I asked my First Certificate students to tell me their strengths and weaknesses during our last class. We were talking about how personality factors into the type of job you choose and your success in your profession.
My weakness? I am crazy impatient (an obvious reason to not teach babies). The problem with living in Spain, then, is the amount of waiting one has to do in order to be a productive human in society here. Even the simplest of tasks can take an enormously long time, and with the ongoing stream of budget cuts, there are less personnel in the office and more people free in the am to stand in line.
By far the biggest place you’ll waste your time in Spain is at the Foreigner’s Office. Getting a NIE is a three-step process, asking information requires parking it on an uncomfortable plastic bench for hours and arriving after 7am ensures that you’re likely to not receive a number. The hours (perhaps days) I’ve spent in the office – particularly when trying to determine my status in 2010 after losing the Ministry of Education grant – are immeasurable.
There are ways to make the whole experience a little bit better, but listening to people tell you their sob stories while you’re surrounded by one of Seville’s most enchanting plazas is just torturous. My advice is to arrive later in the morning, after all of the civil servants have had a chance to eat breakfast, bring extra photocopies of everything and to be polite, even when the funcionario sends you away for the third time in one morning. Being polite can go a long way to a civil servant who’s really just wishing you’d get out of her hair so she can chat with the guy at the desk next to hers.
Banker’s hours in Spain tend to be 8:15 – 14:15. This means, of course, if you’re a normal human being, that you can’t make it in to pay bills, make a deposit or complain that your card has been swallowed up again. What’s more, Saturdays and Sundays mean the place is chapá.
To avoid the line waiting, and banks for the most part, I’d sign up for either La Caixa, which offers great rates for students under 26 and a full-service ATM that allows you to do everything from deposit your check to top up your bonobus at any hour of the day. Likewise, ING Direct offers extended hours AND they’re open on Saturdays (you’ll just need a paycheck stub to open a cuenta nómina).
Another place you’ll wait in line, thanks to budget cuts, is the post office. In Spain, your address assigns you to a certain correos office. Mine happens to be a 15-minute bike ride from my house, while there is one not 250 meters from my front door.
While I was home visiting Chicago, I won a book contest put on by Books4Spain. The book was sent to my house, but no one was home to receive it. A notice was left in my mailbox to pick it up at the correos office, so I found a bit of time to go immediately the first morning I was back in Seville, arriving just as the doors opened. I was the fifteenth person in line, but still waited 45 minutes for them to tell me my book was returned two months earlier. Word to the wise: if a letter or package is not picked up within 15 days, it goes back to the sender, though if it’s not a certified letter, you can send someone else in your name, so long as they carry a piece of paper giving them the power to do so, signed by you with your NIE number.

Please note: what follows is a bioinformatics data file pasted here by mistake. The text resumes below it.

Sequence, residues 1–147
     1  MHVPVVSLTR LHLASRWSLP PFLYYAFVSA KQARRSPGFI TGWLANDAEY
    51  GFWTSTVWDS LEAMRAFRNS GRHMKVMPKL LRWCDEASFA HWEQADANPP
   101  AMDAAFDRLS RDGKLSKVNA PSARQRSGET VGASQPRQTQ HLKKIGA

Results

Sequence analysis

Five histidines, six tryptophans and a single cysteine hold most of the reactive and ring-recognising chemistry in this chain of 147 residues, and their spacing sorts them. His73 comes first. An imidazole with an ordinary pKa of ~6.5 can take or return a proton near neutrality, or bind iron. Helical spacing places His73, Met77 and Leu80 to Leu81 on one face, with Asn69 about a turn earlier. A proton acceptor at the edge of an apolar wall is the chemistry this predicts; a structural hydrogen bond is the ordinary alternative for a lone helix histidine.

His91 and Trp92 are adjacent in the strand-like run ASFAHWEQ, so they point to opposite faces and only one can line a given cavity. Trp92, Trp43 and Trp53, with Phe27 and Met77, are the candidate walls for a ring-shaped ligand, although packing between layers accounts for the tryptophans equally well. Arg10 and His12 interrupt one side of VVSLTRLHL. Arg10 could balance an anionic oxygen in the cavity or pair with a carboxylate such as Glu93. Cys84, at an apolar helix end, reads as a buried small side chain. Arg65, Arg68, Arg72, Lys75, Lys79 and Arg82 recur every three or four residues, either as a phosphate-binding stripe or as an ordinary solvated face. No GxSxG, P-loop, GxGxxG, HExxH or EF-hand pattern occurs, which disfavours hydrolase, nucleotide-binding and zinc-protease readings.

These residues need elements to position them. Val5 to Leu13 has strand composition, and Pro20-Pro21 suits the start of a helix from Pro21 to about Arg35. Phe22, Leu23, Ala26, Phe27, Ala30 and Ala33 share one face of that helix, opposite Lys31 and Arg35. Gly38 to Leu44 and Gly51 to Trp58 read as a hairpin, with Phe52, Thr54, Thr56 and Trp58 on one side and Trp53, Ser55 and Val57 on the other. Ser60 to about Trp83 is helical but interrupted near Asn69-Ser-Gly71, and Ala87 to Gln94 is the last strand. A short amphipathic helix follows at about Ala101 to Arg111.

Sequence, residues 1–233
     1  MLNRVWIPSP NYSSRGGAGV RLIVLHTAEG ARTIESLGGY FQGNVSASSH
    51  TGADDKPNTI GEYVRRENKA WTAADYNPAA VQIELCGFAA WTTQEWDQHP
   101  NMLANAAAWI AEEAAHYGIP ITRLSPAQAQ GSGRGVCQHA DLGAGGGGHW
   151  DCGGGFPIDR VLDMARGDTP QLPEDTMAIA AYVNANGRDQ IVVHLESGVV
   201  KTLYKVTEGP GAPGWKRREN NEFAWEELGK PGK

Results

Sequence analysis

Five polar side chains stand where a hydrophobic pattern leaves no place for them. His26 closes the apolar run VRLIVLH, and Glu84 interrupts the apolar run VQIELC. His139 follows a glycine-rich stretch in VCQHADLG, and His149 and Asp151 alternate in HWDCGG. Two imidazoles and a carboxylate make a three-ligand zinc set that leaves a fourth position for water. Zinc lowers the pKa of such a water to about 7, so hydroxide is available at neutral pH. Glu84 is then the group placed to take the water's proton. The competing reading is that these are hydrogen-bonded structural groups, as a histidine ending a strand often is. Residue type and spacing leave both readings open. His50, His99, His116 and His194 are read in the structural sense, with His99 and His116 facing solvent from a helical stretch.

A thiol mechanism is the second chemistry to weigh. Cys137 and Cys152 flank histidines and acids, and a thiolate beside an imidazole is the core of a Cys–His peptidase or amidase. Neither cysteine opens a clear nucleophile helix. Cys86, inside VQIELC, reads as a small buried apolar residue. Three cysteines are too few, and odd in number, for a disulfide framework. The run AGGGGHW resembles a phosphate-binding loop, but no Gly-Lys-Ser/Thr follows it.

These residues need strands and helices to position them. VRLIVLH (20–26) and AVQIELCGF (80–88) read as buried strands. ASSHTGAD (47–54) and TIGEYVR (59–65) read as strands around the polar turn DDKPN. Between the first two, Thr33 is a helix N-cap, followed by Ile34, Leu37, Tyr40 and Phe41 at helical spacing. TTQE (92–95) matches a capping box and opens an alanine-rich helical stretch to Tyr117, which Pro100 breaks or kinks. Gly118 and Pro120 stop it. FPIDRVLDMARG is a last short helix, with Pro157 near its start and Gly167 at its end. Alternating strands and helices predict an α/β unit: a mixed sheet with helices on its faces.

Frustrated, I got a tostada with ham and a big cup of coffee. Even at the crack of dawn, the place was still packed!
Recently, I had to get a page of stickers with my IRS tax code on it. I walked into the Hacienda building at opening time on a Monday morning and was delighted to find only half a dozen seats full. I got a number and watched the screen. Only one person was in line in front of me, so I turned on my Kindle and began reading.
…and waited for nearly 45 minutes. When my number was finally called, the three women behind the desk were sitting, chattering away. I cleared my throat. Nothing. Being the cara dura I am, I finally asked for their assistance and a woman slowly rose and wordlessly took my passport. No more words were exchanged while I stood for an additional five minutes waiting for her to print my stickers. If only I could have used TurboTax Online, things would have been so much easier.
Let’s face it, I was cutting into her breakfast time. She had reason to be mad.
Be it Hacienda or even the Distrito office, allot way more time than you think necessary. And bring a book.
Supermarket on Saturday
Everyone is here, since they’re all closed on Sundays. Even I have thrown my hands up in an, “Ok, Spain! You win today!” gesture as I drop my potato chips and litronas of beer at the counter and walk out. I can wait if it’s important enough, but why wait for beer if I can walk across the street for a fresquita anyway?
Rules for Waiting in Line
People in Spain tend to ask the person in front of them to save their place in line. When I say their place in line, I also mean their place in line with their whole family, who will take turns standing their place.
Banks are utterly confusing if there’s a lot of chairs available. Whenever a new patron comes in, he or she will as for el último? and memorize that person’s face. It’s up to you to remember who you’re after and to be aware that people are ruthless when it comes to money matters.
There are VERY special rules for the abuelitas. They’ll come at you, all nice and calling you hija and corazón and mi arma, just one loaf of bread and some eggs in their frail little arms. Then, once you’ve given into the cuteness of little María de los Sietes Dolores, she’ll call over her granddaughter and the cart full of everything Dolores will need for the three weeks of winter she hibernates and cooks for her two dozen children and grandchildren. DO NOT, under any circumstances, give into an abuelita!
Have any more to add, Spain dwellers? Where do the rest of you expats wait in line in your respective countries?